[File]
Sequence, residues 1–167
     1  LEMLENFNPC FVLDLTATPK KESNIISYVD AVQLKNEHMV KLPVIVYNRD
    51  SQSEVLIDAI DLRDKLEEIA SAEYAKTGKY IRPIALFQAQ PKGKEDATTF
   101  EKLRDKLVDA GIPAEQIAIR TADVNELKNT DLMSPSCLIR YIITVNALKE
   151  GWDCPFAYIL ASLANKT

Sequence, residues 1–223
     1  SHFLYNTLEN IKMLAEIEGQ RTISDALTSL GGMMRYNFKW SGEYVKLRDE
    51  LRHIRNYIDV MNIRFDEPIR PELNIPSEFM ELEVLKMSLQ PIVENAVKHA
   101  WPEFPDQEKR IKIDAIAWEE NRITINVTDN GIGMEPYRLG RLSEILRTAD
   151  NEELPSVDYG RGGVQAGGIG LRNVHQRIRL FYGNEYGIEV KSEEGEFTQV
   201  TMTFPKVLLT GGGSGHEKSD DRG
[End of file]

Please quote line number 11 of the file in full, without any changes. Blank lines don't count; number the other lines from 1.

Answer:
   201  TMTFPKVLLT GGGSGHEKSD DRG